It's Supposed to Be Wrong, But Effective

One thing that I would point out is that it’s very important for people to be skeptical and anticipate that people will be misleading to the public. Some of the misinformation that’s out there is not accidental. I think there’s quite a bit that’s put into the public discourse in order to have a political effect. It’s supposed to be wrong, but effective.

What our research shows is that if people are aware of the possibility that they might be misled ahead of time, then they’re much better at recognizing corrections later on.

That's a quote from Stephan Lewandowsky, a psychologist at the University of Bristol and co-author of The Debunking Handbook. It is taken from an interview of Lewandowsky titled "How to debunk false beliefs without having it backfire."

The quote above speaks to a point I often try to drive home: That some misinformation is not accidental. 

My very first post on this blog examined what I considered the worst and most misinforming energy chart of 2013. Part of the story is to examine the chart and understand WHY it's misinformation. But the next question, the question rarely asked, is the WHY of the chart itself. You have to go out of your way to produce the chart like that. Someone has the intent to make the chart like that. Someone signs off on it and commands the graphics staff to make the chart like that. The question is why?

Here on the blog I also often discuss the changing definition of "oil" over time. And two classic articles by Chris Nelder and Kurt Cobb examine the differences between how we used to discuss oil data previously and how that has changed. And it wasn't industry groups changing the presentation of data to bolster numbers - this was the EIA and the IEA themselves, organizations that hold almost universal trust from a public that would never question their data or motives. The result of the change is the well-known talking-point that the United States is now the number one producer of oil. Is that talking-point true? Again, it all depends on how you choose to define oil.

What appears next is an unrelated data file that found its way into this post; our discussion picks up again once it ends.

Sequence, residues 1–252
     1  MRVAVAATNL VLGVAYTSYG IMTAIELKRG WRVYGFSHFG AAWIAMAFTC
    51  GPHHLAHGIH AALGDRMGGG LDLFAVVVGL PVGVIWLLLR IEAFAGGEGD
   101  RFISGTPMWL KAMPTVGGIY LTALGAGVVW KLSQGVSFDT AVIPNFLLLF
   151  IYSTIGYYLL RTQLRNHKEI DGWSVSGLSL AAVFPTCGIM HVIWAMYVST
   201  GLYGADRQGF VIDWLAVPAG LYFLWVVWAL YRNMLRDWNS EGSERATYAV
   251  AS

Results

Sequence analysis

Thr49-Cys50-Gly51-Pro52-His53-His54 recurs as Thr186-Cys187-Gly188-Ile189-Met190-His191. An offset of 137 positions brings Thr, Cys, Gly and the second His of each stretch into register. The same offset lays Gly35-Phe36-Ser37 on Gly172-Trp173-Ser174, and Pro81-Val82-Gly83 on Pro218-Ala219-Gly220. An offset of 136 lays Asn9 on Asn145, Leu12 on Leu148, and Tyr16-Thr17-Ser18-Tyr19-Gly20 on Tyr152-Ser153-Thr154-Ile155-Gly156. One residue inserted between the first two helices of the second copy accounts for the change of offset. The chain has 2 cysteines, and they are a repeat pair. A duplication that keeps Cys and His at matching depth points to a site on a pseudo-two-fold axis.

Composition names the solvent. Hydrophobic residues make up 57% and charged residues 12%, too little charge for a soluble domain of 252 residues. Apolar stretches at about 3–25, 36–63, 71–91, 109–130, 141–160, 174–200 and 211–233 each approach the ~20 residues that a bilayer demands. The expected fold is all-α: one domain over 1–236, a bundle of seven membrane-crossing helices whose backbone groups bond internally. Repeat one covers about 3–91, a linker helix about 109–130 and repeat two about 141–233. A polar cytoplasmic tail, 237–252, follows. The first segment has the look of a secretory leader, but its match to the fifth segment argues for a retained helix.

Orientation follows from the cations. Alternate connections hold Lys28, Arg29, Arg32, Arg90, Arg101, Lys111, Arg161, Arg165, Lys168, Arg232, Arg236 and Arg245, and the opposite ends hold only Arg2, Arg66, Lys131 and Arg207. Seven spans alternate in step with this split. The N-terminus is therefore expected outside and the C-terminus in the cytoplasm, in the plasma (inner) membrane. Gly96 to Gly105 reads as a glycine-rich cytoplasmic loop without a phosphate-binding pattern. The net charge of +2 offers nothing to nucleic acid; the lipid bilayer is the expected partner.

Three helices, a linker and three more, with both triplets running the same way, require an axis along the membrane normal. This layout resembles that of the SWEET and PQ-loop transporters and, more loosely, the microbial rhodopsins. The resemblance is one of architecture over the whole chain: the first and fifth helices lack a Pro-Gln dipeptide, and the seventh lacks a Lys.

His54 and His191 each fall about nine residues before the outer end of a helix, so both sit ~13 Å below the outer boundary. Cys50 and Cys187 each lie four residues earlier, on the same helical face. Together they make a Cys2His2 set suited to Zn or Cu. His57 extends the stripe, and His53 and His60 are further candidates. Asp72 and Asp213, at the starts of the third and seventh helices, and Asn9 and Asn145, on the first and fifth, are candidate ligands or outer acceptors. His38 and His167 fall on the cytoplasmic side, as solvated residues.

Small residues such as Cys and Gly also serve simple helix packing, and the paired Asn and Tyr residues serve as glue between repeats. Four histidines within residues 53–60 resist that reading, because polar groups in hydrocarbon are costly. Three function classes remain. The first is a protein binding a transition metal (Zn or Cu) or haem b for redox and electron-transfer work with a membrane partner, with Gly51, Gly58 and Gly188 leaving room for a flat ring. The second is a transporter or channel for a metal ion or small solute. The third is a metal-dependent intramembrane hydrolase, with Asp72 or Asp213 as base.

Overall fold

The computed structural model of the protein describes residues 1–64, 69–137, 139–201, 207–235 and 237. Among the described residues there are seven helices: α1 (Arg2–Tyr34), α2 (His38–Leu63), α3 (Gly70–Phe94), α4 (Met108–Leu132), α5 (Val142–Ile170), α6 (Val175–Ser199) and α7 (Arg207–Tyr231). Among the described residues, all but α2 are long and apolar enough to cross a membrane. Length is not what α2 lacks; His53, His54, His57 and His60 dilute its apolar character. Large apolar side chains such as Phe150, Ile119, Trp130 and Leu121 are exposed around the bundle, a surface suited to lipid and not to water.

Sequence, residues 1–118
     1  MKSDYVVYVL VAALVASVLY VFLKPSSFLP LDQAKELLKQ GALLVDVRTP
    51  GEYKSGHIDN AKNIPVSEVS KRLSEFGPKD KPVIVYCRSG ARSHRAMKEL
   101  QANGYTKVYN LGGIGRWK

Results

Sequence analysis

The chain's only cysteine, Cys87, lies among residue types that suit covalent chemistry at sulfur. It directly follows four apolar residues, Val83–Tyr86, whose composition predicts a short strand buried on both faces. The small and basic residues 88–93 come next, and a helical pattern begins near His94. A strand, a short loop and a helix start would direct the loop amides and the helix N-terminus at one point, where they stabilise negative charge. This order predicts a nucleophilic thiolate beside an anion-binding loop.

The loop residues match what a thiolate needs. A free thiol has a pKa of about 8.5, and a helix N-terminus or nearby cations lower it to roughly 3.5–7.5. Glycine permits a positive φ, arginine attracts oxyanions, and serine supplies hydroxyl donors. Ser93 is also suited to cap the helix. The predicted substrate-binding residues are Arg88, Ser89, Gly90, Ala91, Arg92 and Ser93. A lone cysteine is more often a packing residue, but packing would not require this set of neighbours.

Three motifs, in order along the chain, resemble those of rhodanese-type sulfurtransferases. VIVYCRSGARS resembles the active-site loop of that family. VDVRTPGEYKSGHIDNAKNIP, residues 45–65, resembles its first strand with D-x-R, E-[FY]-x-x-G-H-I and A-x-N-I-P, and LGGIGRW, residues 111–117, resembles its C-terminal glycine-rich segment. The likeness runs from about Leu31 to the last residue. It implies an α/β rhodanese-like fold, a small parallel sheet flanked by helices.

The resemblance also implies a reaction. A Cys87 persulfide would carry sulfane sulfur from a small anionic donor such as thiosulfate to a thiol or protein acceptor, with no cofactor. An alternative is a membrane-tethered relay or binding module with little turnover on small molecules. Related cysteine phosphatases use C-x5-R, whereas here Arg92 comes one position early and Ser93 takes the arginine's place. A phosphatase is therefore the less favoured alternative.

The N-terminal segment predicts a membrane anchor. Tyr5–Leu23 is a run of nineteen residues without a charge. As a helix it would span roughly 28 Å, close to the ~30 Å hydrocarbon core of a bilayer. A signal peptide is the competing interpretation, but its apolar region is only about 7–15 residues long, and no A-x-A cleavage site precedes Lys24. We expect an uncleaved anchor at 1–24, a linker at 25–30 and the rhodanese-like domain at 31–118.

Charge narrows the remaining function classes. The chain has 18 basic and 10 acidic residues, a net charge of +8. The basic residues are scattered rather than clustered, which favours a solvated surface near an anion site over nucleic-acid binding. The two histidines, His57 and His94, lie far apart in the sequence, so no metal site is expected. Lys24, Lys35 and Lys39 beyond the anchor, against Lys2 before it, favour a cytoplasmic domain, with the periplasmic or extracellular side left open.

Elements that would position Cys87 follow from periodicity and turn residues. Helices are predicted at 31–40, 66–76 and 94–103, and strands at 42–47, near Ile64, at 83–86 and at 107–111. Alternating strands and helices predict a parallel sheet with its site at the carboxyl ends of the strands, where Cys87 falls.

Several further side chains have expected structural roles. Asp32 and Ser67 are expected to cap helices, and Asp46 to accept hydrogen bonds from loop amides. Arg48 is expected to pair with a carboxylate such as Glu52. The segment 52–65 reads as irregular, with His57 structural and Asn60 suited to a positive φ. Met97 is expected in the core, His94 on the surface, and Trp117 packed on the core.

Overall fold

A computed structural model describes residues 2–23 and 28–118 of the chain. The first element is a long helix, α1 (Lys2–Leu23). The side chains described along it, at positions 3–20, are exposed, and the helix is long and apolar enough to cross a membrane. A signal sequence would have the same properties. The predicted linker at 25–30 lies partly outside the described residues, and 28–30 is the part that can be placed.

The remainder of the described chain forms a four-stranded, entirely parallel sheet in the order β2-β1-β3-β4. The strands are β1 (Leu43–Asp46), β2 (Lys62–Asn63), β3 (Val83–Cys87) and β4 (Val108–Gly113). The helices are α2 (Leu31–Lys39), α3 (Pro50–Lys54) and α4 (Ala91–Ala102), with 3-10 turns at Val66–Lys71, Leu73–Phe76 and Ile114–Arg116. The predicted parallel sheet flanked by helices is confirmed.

The latest piece this week from Cobb actually looks at the growing movement to go around the EIA and IEA in pursuit of energy data (and a couple of weeks ago, Cobb also looked at the dangers that arise when EIA forecasts are wrong - as they frequently are).

The question again, is why. Why change the definition of oil to include various other liquids? What was the catalyst over the past 15 years that caused and explains this change? Satisfactory answers to these questions are rare.

It's like the old-saying says: Sometimes you have to revert to a child-like mind and be willing to ask WHY five times in order to get to the truth of a matter.

Merchants of Doubt (2015) - A documentary that looks at pundits-for-hire who present themselves as scientific authorities as they speak about topics like toxic chemicals, pharmaceuticals and climate change.